Every summer we hear about the meat market recruiting from the junior level of play. 2021 is not any different, and it may be worse than ever.
The biggest joke of the off season is the number of promised free-to-play opportunities with certain non-sanctioned programs. It is the equivalent of trying to stuff a 100-pound watermelon into an empty 16-ounce Coca-Cola bottle. Seriously, how is it possible to get 80 players onto a 25-man roster?
In the battle of supremacy between the non-sanctioned and sanctioned leagues, USA Hockey has the rare opportunity to dictate standards for both sides of the battle.
Let's take a serious look at making to following changes.
Tier I junior teams should be able to protect up to 45 players. Limit active rosters to 20 players and allow the remaining 25 players to be assigned to tier II junior and AAA level youth teams.
Tier II junior teams should be able to also protect up to 45 players, but that number includes the Tier I players rostered on assignment. Like the Tier I rule, active rosters should be limited to 20 players and allow the remaining 25 players to be assigned to tier III junior and AAA level youth teams.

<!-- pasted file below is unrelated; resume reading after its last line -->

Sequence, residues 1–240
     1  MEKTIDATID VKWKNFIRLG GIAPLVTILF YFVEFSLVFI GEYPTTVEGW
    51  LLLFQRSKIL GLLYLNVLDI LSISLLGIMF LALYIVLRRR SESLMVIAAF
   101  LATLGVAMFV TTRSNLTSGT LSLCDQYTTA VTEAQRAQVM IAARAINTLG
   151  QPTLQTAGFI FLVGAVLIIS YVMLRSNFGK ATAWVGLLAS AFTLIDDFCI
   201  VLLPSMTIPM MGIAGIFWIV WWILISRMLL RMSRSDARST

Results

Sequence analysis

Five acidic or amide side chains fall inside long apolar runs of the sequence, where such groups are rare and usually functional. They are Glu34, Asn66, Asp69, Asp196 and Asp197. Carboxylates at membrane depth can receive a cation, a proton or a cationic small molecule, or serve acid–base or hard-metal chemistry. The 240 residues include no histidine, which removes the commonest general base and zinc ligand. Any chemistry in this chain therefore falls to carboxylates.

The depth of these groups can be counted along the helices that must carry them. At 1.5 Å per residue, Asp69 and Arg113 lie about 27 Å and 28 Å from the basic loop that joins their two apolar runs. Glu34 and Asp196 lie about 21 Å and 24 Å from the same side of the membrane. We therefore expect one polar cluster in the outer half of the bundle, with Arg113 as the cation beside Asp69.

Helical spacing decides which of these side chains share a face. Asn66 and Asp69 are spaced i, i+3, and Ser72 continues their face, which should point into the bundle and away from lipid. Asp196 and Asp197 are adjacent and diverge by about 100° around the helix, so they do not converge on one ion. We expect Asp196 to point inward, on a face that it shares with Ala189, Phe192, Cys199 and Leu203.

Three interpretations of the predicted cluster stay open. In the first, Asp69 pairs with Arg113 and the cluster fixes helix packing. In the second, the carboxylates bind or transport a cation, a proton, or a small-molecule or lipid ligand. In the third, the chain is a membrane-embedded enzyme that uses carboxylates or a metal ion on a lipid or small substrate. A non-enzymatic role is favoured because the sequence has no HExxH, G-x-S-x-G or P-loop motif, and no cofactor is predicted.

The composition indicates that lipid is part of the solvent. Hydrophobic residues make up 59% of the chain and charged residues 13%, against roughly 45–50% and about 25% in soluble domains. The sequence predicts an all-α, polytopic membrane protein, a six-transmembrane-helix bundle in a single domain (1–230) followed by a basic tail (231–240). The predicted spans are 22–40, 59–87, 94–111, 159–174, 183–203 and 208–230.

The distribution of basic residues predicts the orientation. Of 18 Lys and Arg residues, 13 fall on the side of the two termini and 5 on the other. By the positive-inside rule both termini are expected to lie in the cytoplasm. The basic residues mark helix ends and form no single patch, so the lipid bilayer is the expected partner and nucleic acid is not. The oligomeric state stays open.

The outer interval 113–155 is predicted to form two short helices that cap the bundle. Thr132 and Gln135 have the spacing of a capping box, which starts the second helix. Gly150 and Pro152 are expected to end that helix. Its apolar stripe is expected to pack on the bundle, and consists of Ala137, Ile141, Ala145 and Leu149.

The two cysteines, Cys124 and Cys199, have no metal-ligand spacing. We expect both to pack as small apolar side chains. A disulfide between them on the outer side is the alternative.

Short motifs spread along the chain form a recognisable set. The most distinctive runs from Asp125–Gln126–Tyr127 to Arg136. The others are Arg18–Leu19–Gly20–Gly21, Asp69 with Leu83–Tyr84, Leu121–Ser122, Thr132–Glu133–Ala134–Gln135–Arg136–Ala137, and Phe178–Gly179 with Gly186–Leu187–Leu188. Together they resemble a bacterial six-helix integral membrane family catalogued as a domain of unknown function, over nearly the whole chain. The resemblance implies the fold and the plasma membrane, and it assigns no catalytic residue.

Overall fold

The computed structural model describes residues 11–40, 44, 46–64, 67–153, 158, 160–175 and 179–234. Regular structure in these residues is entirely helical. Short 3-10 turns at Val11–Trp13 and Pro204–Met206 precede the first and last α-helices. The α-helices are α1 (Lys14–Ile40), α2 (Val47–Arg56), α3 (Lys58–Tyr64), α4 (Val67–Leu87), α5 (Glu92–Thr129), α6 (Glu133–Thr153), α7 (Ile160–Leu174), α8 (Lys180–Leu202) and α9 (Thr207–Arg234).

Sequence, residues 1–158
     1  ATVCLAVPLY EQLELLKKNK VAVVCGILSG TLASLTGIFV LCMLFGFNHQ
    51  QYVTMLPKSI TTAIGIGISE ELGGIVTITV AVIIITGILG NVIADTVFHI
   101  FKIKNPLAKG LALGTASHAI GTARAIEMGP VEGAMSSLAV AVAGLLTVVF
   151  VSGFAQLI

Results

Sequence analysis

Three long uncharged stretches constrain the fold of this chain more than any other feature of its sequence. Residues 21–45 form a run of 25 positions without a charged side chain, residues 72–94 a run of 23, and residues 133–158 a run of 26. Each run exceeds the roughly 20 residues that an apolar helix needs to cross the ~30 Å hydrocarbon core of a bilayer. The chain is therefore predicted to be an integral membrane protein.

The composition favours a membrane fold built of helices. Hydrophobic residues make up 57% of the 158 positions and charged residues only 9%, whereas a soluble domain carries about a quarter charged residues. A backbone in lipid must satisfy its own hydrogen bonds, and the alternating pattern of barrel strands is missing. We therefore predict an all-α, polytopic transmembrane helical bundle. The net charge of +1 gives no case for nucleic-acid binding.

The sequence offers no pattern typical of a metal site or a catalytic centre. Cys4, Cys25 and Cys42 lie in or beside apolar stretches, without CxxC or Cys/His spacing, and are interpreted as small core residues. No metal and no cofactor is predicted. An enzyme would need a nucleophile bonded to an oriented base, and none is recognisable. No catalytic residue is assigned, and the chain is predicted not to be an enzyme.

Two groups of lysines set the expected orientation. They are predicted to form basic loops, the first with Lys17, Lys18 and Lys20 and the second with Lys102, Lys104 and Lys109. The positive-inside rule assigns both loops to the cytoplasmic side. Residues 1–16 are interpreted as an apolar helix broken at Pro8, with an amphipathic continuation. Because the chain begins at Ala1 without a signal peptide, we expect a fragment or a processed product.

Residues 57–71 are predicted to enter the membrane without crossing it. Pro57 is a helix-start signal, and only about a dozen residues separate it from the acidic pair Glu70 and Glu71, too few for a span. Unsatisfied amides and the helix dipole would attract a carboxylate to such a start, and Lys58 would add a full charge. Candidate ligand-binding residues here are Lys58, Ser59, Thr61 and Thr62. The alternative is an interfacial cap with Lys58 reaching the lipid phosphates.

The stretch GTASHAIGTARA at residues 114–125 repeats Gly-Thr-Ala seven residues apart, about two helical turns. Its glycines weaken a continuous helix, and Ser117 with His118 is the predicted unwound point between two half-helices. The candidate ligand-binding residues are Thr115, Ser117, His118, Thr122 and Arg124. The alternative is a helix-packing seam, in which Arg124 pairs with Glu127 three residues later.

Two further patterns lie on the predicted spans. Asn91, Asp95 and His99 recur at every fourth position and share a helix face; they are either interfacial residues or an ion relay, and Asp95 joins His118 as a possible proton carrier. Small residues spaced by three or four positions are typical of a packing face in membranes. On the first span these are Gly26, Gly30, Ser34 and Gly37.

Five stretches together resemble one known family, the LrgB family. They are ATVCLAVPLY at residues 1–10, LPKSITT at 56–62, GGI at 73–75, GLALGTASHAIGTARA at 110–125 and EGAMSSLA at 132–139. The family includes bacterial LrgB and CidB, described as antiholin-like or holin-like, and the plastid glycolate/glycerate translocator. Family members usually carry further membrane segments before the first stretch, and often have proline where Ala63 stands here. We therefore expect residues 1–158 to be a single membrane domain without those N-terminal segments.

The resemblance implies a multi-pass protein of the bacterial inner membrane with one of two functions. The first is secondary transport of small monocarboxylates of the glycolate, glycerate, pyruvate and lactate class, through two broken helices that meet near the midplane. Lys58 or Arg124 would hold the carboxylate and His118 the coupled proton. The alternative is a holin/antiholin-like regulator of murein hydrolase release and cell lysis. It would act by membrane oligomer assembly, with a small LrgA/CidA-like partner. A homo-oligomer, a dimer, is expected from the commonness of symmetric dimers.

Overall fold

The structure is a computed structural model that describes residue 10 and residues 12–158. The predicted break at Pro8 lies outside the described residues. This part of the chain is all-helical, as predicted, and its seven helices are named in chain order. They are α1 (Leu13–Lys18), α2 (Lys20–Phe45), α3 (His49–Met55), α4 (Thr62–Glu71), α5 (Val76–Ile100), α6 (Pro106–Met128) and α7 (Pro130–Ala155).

Tier III junior teams should be able to also protect up to 45 players, that number includes the Tier II players rostered on assignment. Like the Tier I & II rule, active rosters should be limited to 20 players and allow the remaining 25 players to be assigned only to AA level youth teams. Players paying to play must do so and that means a minimum of 15% of the available ice-time. Failure to meet that requirement over a ten-game period gives the player the option to a full pro-rated refund and release from player agreement.
Teams can add, drop, and trade players openly as usual until the trade deadline. Teams can also utilize any protected player for up to ten games before having to add that player to the active roster. This gives clubs up to 250 extra game slots to cover for active roster injuries, suspensions, and higher-level call-ups.
We all know that certain tiers I and II coaches will not be able to stop themselves from trying to game the system. So, let us force in-season free-agent signings to play ten games at lower levels before being eligible to join active roster.
These adjustments give sanctioned junior hockey a tremendous advantage over the other guys. This especially rings true if USA Hockey takes a hardline regarding zero tolerance issues. Let the non-sanctioned group have all the bullies, drinkers, vapers, and recreational drug users. Players (and team staff) that violate standards get to take the rest of the current and all next season off from sanctioned hockey.
There is a change of leadership at the top of USA Hockey and it is the perfect time to give sanctioned players a more defined system of development. The good kids deserve it, let the others go elsewhere.